Pernod Ricard celebrates 2013 vintage

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The harvest in Australia took place up to six weeks earlier than 20 years ago, according to Pernod Ricard.


The company’s winemakers in New Zealand described the vintage as “sensational”, while its Australian team called it “above average”.


Brancott Estate’s chief winemaker Patrick Materman said the Marlborough Sauvignon Blanc harvest bears all the characteristics of the region. “The season has been so dry until now and this has delivered a sensational vintage for Marlborough,” he said.


“While we’ve enjoyed the sunshine, it hasn’t been a particularly warm season, tracking around the long-term average in terms of growing degree days. This, combined with the lack of rain, is a real positive for vineyards. The dry conditions mean pristine fruit development and allow us to make harvest decisions based on optimal flavour development, while the relatively cool temperatures ensure the aromatic expression and balance of natural acidity that has made Marlborough famous.


“While still going through ferment, we’re anticipating some rich and flavoursome wines to develop from 2013. Sauvignon Gris also excelled in the cool, dry, sunny conditions and Pinot Noir looks tremendous after a long, even ripening period which has resulted in great colour development and fruit maturity.”


In Australia, the last load of grapes for Jacob’s Creek wines has been delivered, marking the end of the 2013 vintage for the Barossa-based winery.


Bernard Hickin, chief winemaker for Jacob’s Creek described the 2013 vintage as an “above-average year in terms of quality, despite intake timelines being compressed and grape yields down”.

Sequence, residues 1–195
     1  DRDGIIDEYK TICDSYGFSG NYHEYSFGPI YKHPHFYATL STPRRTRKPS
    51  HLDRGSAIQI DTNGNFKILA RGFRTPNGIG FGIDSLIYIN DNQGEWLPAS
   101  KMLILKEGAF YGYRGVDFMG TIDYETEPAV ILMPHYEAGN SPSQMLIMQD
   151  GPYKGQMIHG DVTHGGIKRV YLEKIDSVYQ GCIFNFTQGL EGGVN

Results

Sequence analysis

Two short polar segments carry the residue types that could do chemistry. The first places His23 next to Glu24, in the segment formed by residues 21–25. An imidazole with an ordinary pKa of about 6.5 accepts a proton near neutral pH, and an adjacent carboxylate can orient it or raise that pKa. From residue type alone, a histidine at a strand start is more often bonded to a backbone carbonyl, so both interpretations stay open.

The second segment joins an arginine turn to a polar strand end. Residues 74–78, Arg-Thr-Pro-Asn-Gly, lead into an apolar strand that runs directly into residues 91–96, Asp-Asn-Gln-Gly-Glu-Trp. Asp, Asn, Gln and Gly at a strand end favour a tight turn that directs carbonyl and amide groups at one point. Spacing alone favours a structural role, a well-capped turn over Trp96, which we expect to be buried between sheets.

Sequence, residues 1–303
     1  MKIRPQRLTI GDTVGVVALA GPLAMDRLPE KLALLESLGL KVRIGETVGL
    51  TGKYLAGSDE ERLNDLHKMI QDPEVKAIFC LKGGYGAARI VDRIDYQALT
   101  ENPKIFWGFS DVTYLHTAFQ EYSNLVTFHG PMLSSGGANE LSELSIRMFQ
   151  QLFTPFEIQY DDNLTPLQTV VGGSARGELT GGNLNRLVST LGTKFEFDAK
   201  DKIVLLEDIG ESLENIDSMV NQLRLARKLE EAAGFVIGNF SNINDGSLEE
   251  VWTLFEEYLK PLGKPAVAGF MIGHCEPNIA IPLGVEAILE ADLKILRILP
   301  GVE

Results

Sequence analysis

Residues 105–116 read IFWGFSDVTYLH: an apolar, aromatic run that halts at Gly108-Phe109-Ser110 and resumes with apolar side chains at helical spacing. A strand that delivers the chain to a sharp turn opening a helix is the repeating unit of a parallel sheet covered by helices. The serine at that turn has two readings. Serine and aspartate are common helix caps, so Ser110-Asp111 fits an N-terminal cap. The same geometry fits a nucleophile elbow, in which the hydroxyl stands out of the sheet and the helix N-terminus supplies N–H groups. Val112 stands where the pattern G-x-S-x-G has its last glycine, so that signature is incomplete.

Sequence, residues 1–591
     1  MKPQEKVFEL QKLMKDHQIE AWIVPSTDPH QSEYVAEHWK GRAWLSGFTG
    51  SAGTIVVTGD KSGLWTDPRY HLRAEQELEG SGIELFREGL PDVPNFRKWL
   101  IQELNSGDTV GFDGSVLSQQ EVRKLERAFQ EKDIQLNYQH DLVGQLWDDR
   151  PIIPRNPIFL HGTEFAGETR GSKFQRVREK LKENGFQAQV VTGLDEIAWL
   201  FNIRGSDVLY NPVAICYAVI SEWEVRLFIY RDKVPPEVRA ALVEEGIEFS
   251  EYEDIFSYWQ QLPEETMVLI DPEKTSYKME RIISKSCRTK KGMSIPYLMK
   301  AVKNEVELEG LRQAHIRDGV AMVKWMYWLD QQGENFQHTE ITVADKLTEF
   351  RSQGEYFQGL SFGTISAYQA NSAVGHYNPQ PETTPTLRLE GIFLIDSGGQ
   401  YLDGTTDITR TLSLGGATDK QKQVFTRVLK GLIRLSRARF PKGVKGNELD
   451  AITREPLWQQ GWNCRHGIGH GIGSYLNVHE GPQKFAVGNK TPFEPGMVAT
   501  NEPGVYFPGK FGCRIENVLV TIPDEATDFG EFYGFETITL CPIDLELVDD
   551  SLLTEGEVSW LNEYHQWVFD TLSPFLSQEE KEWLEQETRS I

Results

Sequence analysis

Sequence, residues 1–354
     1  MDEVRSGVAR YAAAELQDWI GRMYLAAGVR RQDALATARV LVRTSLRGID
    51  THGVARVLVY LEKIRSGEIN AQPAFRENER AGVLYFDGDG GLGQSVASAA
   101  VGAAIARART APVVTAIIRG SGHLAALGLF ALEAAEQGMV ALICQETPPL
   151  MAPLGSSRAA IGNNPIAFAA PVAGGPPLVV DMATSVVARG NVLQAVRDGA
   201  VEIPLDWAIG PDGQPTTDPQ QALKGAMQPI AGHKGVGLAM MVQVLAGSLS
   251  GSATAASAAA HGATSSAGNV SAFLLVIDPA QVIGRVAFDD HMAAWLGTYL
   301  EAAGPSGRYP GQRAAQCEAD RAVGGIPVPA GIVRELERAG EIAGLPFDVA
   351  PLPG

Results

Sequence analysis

He said: “We are seeing great varietal definition in both our red and white wines. In particular the reds are very exciting as they have intense colour and great tannin structure.


“In South Australia, dry conditions with moderately warm temperatures accelerated ripening and compressed the harvest. Vintage peaked on February 18 at Orlando which was about two weeks earlier than 2011 and 2010. Grape yields were down due to a combination of factors, but the main cause was the dry spring and summer conditions leading into this vintage that resulted in smaller berry size and lighter bunch weights in 2013.”


The warm and dry conditions led the first Barossa Shiraz to be picked from February 12, which is approximately 14 days earlier than the 20-year long-term average for Orlando. Similarly, Eden Valley Riesling was harvested four to six weeks earlier than it was 20 years ago.


“The 2013 vintage highlights a new way forward for Riesling. A revolution is occurring in Eden Valley and Clare in which Rieslings are showing their best at lower alcohols. With the earlier harvest we are still retaining natural grape acidity and attractive lemony mineral flavours in the final wine, but alcohol levels are falling from historical levels of 12%–13% abv to around 11%–12%,” added Hickin.


Overall, Bernard Hickin said 2013 produced “exciting above average quality wines showing fresh varietal flavours in the key varieties”. Hickin predicted Coonawarra Cabernet Sauvignon is likely to reveal itself as the star performer of 2013.


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